Using someone's else computer is just weird, Ben specifically got a larger keyboard and mouse to avoid his hands cramping. I have especially tiny hands and a much smaller keyboard and mouse because of that, meaning my hands are cramping and I keep typing wrong and clicking the wrong things. I will get used to it in a day or so, but it is still just really weird. Also, while typing this I am watching Ben play Dragon Age Inquisition, it is good to be back!
So, since last Wednesday and yesterday was taken up by holiday shenanigans, I decided to have a What-Cha Thursday this week, it does not flow as nicely though, so I shall stick with Wednesdays. Today I am looking at Malawi Zomba Pearls White Tea, first brought to my attention when What-Cha was having a sale at the end of October and fellow tea blogger and Steepster member said they should be called Zombie Pearls for Halloween, it has not been anything in my mind since then. These neat little rolled leaves (they look a little like cocoons!) hail from the Satemwa Tea Estate in Malawi and definitely fit into the unique category of teas from that estate. The aroma of the little pearls is a zingy mix of cucumber, pepper, bok choy, lettuce, and a little bit of sweet hay at the finish. It borders on savory, but stays more in the refreshing and bright spectrum. It really smells like some delicious drink or even sandwich one would consume on a summer day when seeking something cool and refreshing.
Giving the little pearls a steeping causes them to unfurl a bit, not a huge unfurling yet. They have a refreshing aroma, like their dry counterparts, but it is a bit more savory this time around with notes of bok choy, cooked bell pepper,fresh cucumber, and pepper. At the finish there is a tiny bit of sweet hay, but mostly it is cooked veggies. The liquid is a savory blend of cucumbers, lettuce, and a bit of hay and spinach.
So, the first steep is light yet quite distinct, one of the first teas I have ever thought tasted crisp, like biting into a fresh cucumber and lettuce. It is quite unique! There are also notes of cooked bell peppers at the middle and a finish of fresh sugar cane juice and very slight citrus. I definitely love how refreshing this tea tastes, it even feels like eating a cooling cucumber.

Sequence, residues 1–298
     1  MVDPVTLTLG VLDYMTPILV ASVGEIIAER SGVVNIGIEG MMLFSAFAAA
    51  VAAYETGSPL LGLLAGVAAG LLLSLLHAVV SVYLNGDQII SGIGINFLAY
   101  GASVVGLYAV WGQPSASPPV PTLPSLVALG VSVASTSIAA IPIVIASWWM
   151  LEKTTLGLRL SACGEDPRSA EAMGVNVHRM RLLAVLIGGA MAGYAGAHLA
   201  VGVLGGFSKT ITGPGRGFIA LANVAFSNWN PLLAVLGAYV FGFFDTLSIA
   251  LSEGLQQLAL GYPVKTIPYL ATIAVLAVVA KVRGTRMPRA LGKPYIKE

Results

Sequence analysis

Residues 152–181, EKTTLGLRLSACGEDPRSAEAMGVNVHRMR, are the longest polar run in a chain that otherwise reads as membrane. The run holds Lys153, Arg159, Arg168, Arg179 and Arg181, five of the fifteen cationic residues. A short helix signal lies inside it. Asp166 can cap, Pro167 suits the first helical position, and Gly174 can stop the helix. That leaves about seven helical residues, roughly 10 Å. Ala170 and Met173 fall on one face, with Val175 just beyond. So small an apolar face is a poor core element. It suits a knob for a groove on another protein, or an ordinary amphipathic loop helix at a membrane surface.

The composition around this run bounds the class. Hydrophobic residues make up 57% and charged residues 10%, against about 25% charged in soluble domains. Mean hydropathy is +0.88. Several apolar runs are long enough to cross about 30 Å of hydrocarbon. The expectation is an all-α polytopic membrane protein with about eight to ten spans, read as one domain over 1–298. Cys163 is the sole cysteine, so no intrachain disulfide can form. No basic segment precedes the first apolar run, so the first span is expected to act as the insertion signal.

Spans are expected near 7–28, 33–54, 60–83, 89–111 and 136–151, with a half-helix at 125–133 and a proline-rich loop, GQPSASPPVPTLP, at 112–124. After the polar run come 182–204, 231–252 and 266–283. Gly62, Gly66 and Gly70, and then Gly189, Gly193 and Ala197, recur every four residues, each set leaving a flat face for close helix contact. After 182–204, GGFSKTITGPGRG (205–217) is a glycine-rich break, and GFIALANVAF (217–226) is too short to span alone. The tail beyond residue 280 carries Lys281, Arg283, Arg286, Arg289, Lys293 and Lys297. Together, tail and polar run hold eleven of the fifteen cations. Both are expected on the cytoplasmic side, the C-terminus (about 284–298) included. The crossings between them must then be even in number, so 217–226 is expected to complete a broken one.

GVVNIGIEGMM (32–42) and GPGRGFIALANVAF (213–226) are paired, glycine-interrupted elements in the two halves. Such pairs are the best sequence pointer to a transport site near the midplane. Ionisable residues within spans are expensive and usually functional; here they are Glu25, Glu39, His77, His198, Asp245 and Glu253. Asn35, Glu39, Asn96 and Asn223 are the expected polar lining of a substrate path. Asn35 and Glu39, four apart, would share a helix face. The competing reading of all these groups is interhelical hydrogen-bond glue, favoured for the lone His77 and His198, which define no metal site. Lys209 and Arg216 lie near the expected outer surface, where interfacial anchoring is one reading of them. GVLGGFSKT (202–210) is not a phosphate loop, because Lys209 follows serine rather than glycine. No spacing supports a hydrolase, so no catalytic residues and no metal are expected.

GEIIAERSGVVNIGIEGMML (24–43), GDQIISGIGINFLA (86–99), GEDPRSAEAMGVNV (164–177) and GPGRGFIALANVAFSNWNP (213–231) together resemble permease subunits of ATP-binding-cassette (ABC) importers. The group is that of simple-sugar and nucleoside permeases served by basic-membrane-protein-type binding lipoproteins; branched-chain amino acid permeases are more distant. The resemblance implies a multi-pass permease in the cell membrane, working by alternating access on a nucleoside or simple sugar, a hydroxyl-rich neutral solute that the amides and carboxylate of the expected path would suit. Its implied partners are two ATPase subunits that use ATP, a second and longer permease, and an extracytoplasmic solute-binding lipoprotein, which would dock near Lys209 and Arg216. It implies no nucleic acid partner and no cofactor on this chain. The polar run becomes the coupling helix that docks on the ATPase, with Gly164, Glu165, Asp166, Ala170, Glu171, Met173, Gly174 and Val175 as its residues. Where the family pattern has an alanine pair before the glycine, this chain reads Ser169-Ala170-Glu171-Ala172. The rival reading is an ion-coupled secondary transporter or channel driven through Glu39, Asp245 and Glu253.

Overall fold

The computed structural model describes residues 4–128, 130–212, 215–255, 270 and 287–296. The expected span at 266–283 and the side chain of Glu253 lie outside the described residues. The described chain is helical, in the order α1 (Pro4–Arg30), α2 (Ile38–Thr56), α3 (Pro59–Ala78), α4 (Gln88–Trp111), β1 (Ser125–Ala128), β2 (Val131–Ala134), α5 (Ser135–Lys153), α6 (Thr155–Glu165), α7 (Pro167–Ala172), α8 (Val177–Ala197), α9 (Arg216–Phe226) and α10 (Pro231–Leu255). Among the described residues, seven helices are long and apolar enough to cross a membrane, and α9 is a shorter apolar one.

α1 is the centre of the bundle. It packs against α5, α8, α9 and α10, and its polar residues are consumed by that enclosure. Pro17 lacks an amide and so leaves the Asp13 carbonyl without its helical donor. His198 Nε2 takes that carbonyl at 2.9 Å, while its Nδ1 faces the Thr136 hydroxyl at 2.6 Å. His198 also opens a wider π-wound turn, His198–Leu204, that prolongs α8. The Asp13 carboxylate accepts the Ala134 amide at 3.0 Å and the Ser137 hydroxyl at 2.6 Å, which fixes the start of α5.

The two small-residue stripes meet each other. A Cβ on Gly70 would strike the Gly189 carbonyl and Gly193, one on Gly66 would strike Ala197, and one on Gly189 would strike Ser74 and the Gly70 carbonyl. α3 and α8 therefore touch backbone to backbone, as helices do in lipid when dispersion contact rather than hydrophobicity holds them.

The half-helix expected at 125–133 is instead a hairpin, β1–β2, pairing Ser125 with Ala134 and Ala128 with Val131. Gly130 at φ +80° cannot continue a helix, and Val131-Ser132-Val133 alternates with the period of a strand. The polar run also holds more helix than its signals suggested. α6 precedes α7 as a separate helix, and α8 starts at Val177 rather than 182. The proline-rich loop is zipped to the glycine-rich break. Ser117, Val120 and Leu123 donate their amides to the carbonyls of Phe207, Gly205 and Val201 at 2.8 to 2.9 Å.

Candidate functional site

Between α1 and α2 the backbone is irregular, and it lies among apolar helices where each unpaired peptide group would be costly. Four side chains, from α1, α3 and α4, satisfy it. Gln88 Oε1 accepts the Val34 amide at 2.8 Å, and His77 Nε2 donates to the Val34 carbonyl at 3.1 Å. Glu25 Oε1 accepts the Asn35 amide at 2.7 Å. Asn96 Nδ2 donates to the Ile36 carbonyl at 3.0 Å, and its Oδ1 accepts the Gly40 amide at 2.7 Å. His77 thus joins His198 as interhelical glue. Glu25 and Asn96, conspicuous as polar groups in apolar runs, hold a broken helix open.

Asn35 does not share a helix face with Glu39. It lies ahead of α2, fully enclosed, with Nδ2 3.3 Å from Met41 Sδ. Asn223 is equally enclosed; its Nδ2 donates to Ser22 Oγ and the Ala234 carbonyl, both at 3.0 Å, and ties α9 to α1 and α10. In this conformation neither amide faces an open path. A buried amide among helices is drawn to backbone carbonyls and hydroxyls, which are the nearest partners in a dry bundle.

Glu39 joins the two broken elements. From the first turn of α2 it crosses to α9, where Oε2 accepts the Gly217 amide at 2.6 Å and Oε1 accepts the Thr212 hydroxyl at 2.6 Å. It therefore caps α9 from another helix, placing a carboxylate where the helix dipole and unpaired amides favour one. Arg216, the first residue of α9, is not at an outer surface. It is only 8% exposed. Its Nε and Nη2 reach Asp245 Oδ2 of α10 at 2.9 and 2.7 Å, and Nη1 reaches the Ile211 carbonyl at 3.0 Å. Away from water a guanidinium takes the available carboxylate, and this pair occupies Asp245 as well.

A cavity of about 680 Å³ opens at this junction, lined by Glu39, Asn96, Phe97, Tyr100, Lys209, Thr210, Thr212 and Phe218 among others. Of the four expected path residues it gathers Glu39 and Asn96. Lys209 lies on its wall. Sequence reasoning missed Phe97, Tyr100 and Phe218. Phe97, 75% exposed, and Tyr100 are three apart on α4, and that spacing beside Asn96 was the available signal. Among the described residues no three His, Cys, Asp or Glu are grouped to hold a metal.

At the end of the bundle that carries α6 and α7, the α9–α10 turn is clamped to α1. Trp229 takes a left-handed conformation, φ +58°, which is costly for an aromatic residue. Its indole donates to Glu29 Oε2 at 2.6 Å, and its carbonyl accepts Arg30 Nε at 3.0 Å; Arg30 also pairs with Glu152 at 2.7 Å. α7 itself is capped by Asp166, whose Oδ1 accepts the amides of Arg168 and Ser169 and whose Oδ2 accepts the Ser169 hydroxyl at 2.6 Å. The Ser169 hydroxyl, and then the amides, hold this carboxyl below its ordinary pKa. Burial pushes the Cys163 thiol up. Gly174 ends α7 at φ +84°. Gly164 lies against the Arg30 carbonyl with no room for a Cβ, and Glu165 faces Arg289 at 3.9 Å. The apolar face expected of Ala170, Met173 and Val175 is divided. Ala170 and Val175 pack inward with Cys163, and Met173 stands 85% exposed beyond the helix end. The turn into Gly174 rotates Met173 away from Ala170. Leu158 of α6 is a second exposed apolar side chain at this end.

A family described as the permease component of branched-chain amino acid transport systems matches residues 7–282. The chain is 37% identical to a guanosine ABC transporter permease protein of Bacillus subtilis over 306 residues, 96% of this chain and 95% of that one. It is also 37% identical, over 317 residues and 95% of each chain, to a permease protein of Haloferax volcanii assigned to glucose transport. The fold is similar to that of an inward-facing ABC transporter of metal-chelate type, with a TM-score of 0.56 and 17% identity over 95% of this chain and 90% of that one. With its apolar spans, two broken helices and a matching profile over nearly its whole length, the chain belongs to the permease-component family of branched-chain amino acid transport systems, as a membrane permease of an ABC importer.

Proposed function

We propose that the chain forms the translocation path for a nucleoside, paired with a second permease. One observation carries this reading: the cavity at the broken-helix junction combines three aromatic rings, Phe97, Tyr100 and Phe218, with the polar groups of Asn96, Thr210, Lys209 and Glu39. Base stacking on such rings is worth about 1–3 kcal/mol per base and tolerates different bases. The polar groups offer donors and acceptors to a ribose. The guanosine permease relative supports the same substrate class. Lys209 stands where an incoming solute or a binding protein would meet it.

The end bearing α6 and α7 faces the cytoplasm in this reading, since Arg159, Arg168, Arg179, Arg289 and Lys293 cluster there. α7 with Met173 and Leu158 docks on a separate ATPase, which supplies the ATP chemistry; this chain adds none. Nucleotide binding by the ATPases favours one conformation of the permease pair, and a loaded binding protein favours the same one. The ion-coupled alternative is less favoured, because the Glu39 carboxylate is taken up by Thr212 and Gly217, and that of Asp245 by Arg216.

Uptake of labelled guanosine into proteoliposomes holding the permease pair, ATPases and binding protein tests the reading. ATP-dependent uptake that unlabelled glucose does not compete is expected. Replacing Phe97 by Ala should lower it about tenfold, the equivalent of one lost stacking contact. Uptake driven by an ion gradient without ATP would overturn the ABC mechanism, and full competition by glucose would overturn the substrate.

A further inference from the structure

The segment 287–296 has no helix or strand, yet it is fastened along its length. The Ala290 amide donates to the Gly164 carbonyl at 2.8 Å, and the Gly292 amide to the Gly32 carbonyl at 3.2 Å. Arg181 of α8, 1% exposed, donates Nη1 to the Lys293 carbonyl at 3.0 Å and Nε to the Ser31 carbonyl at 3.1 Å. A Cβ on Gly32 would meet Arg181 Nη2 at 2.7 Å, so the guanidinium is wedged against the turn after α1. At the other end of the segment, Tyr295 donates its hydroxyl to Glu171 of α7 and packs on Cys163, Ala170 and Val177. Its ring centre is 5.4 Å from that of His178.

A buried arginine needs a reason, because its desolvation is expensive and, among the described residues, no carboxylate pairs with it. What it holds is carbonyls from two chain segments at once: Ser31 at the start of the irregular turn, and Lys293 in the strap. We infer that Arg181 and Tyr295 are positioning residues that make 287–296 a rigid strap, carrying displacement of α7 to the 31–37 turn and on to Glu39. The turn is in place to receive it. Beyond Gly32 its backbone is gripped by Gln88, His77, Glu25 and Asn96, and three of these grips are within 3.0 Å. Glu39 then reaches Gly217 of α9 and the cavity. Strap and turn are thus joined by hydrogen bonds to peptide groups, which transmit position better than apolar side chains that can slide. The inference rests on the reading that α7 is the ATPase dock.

The aroma of the second steep is identical in notes, but increased in intensity, it is really quite mouthwatering and refreshing. I especially find myself amused by the cucumber notes, I do not run into that very often and when I do, they are usually very light and not a primary note. So, have you ever grown cucumbers, the tiny ones, and eaten one fresh from the garden? It is cool and crisp and surprisingly sweet, I mean cucumbers are not the most savory veggies in existence, but these have a unique sweetness. The first sip of the second steep captures that taste nigh perfectly, it is sweet with a touch of savory. This transitions to bok choy and a tiny bit of lettuce, like the first steep the finish is sugar cane and still rather cooling.
For the last steep, the leaves have almost entirely unfurled and the liquid is a glorious golden, in fact, the aroma of the liquid has taken on a sunny feel. Not so much cooling cucumber, now it is warm sweet hay and cut grass, there is a hint of cucumber and lettuce, but it is now mostly sweet. The taste takes its cues from the aroma, delicately sweet and warm with notes of hay, sugar cane juice, and a finish of cucumber. I really enjoy how this steep starts warm and finishes with a cooling sensation. I have inevitably already finished my sample, but plan on getting this tea for light summer steeping, I expect it will help keep me cool during the long Kansas City summers.